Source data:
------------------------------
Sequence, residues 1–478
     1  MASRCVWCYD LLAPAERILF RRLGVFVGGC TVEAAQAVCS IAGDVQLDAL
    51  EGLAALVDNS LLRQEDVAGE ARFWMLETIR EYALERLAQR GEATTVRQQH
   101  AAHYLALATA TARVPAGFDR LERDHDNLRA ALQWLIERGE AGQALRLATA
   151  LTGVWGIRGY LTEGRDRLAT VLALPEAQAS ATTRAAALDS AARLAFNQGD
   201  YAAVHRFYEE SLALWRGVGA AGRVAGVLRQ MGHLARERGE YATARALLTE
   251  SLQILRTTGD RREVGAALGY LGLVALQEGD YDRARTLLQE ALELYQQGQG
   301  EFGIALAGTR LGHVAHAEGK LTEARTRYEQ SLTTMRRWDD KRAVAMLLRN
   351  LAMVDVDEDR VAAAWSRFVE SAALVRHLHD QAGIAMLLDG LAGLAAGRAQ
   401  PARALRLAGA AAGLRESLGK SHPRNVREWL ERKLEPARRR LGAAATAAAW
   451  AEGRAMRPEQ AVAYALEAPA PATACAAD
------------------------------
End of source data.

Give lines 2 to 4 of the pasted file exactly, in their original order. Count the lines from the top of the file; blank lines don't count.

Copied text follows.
     1  MASRCVWCYD LLAPAERILF RRLGVFVGGC TVEAAQAVCS IAGDVQLDAL
    51  EGLAALVDNS LLRQEDVAGE ARFWMLETIR EYALERLAQR GEATTVRQQH
   101  AAHYLALATA TARVPAGFDR LERDHDNLRA ALQWLIERGE AGQALRLATA